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John 3:1-17

We hate ambiguity. We really hate it. Ambiguity is messy, frightening even. We like certainty. Black and white. It’s part of the reason America has become so polarized over politics. We want surety, on one side or the other, not questions, not shades of gray. Unfortunately, that’s not always the way the world works. Sometimes life is a paradox. We can both love something and hate it; things can be both good and bad. Often the truth doesn’t lie on one side or the other, but somewhere in the middle. And sometimes two contradictory things can be true at once. This complexity is also true of God’s Kingdom. The author of the Gospel of John understood this, and it is nowhere made clearer than in this passage.

There’s a lot that we could focus on in this relatively long passage, which includes perhaps the most well-known verse in the entire Bible (3:16). But at the heart of the passage is a significant ambiguity, or misunderstanding. And unravelling this misunderstanding is crucial to discerning Jesus’ (and John’s) meaning here.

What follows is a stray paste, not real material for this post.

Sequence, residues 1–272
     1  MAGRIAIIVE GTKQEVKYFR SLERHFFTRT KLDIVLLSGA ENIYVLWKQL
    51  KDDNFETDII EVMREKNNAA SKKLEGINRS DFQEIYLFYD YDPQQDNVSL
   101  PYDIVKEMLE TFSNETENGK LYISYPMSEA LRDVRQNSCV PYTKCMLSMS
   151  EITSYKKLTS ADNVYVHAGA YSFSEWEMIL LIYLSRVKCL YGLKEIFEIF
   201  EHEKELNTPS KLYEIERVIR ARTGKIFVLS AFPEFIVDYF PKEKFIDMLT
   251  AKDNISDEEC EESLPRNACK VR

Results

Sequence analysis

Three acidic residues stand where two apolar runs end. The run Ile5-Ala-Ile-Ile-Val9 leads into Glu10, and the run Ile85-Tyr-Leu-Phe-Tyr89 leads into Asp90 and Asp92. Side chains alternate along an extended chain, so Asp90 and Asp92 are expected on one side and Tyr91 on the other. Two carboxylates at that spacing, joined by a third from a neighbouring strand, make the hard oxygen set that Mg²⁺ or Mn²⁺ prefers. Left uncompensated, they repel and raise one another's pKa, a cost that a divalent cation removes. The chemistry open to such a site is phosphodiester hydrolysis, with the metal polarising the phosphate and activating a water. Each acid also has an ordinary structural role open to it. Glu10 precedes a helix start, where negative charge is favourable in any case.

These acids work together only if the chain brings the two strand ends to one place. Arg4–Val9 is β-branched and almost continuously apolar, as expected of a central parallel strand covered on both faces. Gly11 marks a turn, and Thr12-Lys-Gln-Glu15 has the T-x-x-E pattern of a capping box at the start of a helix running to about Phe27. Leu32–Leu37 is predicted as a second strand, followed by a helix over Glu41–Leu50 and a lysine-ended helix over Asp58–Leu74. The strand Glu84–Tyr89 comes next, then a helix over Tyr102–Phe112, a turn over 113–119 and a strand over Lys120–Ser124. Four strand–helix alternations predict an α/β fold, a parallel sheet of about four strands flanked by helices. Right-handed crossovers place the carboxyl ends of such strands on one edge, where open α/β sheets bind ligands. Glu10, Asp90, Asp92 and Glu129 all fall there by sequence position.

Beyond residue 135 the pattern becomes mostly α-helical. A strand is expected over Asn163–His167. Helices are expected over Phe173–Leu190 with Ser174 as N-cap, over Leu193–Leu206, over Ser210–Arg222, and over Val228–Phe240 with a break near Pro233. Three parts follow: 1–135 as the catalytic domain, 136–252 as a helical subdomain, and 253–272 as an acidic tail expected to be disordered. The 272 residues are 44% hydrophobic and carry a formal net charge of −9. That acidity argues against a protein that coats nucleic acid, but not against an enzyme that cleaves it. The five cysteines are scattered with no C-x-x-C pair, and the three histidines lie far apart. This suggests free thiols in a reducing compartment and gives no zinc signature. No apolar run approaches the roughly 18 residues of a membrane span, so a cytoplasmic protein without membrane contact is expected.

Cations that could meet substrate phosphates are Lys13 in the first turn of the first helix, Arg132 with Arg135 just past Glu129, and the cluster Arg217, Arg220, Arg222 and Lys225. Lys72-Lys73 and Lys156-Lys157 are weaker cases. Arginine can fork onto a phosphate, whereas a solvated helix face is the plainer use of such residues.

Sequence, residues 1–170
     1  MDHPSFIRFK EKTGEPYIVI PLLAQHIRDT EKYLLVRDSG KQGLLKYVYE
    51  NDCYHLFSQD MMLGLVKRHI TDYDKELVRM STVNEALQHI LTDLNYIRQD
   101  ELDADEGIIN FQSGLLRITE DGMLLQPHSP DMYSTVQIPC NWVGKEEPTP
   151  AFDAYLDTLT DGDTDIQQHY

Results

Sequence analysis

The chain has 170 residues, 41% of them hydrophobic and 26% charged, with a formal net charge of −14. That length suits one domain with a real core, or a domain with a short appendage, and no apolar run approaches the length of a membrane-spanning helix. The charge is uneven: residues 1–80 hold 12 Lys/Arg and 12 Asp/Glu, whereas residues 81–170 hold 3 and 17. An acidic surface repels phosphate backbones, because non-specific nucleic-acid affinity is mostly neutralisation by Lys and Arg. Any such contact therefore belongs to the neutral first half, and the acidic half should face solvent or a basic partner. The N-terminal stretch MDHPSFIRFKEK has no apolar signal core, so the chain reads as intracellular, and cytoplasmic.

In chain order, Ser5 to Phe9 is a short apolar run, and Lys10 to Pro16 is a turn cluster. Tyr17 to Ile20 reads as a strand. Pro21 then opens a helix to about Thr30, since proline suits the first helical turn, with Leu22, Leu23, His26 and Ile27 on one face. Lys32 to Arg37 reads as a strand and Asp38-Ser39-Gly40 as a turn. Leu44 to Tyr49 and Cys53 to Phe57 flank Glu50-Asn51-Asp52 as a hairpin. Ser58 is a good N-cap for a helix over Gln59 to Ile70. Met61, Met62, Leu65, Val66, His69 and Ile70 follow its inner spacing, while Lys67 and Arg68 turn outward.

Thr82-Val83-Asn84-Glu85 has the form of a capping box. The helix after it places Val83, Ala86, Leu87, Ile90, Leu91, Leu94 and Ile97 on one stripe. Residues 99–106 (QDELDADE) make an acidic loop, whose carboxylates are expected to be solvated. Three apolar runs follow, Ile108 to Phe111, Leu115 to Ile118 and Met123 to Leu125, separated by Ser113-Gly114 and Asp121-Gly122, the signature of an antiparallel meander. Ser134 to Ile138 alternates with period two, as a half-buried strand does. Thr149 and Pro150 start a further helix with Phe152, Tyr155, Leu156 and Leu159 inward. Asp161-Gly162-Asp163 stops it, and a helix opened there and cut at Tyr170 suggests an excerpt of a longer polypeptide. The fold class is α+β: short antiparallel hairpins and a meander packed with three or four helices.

The misunderstanding occurs in vv. 3-5: “Jesus replied, ‘Very truly I tell you, no one can see the kingdom of God unless they are born again.’ ‘How can someone be born when they are old?’ Nicodemus asked. ‘Surely they cannot enter a second time into their mother’s womb to be born!’

Jesus answered, ‘Very truly I tell you, no one can enter the kingdom of God unless they are born of water and the Spirit’” (NIV).

The ambiguity here takes place on two levels. The first is obvious, and it’s the one Nicodemus recognizes right away. Jesus seems to be saying that a person must be “born” a second time. Interpreting th